Many first generation farmers start out at a small scale and work their way up, if they can. Sometimes, farmers can start small without any debt, but if they want to scale up to be more profitable, a loan is almost inevitable (unless you have a rich uncle or are independently wealthy).

“Everyone wants to go out and buy the 200-acre farm as their first land purchase, and that’s just not always practical,” said Wilkerson, the loan officer with Farm Credit Mid-America.

Taking on more debt as a young person can be pretty intimidating, on top of costs for child care, health care and student loan payments. According to a survey done by the National Young Farmers Coalition, the average respondent had about $35,000 in student loan debt.

That’s why the coalition created a campaign calling for farming to be designated as a public service, therefore, making farmers eligible for federal student loan forgiveness.

The coalition argued that student loan forgiveness would eliminate a huge barrier keeping many young people from getting into farming full time. In an industry where the average age of operators is 57, farming needs young people now more than ever.


Wilkerson said they often work with recent college graduates to reorganize their debts to be able to get into farming. The conversations they have with clients look different depending on life circumstances and business goals.

Do you have a full time, off-farm job, but want to buy a chicken or a hog barn, too? Would you rather own the cattle and rent the land you farm? Do you want to get into a grain operation where you won’t get paid until harvest is over? Do you have a home loan, a vehicle loan or student loans and still want to buy a farm or pay for equipment on top of that?

It’s not always about buying a big chunk of land. Think about all the other costs associated with farming: equipment, livestock, seed, fertilizer, labor and infrastructure. Sometimes, the numbers don’t add up.

“Sometimes, denying a loan is the best thing we can do for a farmer,” Wilkerson said.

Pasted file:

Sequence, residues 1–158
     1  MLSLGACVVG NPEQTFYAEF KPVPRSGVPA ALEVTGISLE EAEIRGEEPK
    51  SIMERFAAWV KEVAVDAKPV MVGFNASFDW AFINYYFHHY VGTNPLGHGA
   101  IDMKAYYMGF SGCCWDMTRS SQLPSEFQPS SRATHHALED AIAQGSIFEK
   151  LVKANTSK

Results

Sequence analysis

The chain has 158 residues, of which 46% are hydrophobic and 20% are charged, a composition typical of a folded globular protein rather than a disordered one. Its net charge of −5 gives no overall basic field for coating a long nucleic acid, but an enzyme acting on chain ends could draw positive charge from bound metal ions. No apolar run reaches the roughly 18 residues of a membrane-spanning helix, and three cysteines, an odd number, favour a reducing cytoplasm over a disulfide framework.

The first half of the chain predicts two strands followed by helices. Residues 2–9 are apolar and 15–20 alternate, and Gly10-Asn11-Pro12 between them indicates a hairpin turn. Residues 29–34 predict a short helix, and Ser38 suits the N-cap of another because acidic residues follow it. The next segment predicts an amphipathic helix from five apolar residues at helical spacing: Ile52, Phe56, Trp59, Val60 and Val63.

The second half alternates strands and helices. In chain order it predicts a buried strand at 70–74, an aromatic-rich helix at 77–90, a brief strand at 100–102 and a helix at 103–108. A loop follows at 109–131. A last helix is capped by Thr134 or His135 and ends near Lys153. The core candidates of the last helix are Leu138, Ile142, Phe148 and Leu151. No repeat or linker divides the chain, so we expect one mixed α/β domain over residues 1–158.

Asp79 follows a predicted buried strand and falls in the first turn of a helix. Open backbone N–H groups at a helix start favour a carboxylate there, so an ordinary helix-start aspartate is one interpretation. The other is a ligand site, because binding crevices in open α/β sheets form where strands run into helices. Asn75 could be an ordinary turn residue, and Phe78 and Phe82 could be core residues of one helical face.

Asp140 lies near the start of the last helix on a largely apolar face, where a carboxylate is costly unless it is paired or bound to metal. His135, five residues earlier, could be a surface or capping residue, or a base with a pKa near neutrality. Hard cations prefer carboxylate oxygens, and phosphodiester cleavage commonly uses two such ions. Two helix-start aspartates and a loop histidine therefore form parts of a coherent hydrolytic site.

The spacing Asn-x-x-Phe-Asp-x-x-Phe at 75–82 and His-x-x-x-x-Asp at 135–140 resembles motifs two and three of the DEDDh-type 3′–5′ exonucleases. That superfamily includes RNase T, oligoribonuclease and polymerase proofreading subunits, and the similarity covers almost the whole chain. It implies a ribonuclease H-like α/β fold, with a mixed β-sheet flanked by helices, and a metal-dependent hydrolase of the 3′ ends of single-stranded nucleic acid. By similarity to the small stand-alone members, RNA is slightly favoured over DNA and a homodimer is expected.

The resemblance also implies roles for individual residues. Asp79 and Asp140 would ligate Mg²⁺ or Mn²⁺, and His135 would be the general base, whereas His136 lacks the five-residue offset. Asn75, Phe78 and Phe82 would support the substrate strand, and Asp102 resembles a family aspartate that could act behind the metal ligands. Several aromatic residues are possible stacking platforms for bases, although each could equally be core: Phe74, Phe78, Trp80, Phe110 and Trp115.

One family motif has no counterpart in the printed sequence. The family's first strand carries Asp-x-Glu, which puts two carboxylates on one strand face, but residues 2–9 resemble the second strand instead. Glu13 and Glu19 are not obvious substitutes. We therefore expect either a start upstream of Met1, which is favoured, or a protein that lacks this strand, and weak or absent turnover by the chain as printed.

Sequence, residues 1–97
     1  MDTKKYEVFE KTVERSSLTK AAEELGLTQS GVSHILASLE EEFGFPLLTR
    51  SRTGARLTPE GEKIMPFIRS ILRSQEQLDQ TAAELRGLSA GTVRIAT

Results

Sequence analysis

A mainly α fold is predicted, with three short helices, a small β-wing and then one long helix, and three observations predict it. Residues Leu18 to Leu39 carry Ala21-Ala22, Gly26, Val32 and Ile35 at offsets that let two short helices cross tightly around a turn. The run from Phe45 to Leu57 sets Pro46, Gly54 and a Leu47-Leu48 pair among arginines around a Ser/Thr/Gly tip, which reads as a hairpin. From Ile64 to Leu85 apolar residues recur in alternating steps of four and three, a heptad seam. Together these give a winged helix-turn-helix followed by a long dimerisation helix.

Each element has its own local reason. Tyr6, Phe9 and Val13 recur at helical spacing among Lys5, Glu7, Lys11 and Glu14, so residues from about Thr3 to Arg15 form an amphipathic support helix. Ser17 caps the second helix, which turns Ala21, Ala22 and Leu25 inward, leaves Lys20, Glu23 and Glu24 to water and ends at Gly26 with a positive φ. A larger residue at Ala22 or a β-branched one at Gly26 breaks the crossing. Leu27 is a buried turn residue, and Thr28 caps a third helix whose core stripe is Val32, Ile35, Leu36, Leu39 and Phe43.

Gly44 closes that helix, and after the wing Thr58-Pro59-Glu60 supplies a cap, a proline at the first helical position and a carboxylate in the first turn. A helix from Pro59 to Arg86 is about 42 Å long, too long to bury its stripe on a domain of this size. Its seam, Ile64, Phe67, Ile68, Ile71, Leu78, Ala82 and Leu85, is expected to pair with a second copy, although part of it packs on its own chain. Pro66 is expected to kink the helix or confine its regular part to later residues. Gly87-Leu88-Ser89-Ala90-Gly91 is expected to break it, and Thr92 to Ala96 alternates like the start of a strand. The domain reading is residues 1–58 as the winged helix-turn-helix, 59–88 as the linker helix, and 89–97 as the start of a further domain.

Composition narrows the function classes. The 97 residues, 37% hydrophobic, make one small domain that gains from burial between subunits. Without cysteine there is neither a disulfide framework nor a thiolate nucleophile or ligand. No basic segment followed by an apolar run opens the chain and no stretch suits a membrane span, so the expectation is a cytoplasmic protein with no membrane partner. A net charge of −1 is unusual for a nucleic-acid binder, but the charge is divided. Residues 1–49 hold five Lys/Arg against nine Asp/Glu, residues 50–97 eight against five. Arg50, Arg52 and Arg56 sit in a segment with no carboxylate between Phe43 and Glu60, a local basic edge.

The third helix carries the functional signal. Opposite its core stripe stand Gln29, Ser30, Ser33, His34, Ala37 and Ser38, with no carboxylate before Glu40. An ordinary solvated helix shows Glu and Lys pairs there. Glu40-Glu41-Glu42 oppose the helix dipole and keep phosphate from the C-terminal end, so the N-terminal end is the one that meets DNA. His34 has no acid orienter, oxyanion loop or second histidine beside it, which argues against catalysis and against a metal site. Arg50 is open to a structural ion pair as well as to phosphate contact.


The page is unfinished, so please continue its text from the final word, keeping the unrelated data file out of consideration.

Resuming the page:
That’s when U.S. Department of Agriculture loan programs come into play. The USDA can take on more risk than private lenders like banks and credit unions can, Wilkerson said.

Beginning farmers can get anywhere from $600,000 to $1.7 million for a farm ownership loan, spending on the type of program. There are also loans to cover operating costs. The USDA lends money directly to farmers and also works with private lenders, like Farm Credit, on guaranteed loans.

The Farm Service Agency offers a special program to help out with down payments. Through this program, beginners would only have to have 5% down, instead of the typical 20% down. That can be a big help for someone who is short on cash at the time.

Some USDA bureaus, like Rural Development and Natural Resources Conservation Service, don’t have specific programs for beginning farmers. But they may give preference to beginning farmers or have a separate chunk of funding set aside for them.

“For beginning farmers, we bump that payment rate up a little bit, compared to a normal applicant,” said Doug Deardoff, USDA’s Ohio beginning farmer coordinator.


Think outside the box.

When a loan isn’t an option, for whatever reason, it’s not the end of the line. It just means farmers have to think outside the box. There are incubator farms that allow new farmers to establish themselves. Sometimes, long term leases are available through land trusts.

Tayse sees those workshops, networking events and Farm Link programs as good resources for helping people connect. Maybe a retiring farmer can take a younger one under his or her wing to create a transition plan.

What Tayse really wants to see are more resources to make farmland affordable, and more support for landowners and beginning farmers to develop creative agreements and leases that work for both of them.

“There’s a lot more work that could be done to support farm transfers, in general,” she said.

(Rachel Wagoner can be contacted at 800-837-3419 or Reporter Sarah Donaldson contributed to this story)


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Rachel is a reporter with Farm and Dairy and a graduate of Clarion University of Pennsylvania. She married a fourth-generation farmer and settled down in her hometown in Beaver County, where she co-manages the family farm raising beef cattle and sheep with her husband and in-laws. Before coming to Farm and Dairy, she worked at several daily and weekly newspapers throughout Western Pennsylvania covering everything from education and community news to police and courts. She can be reached at or 724-201-1544.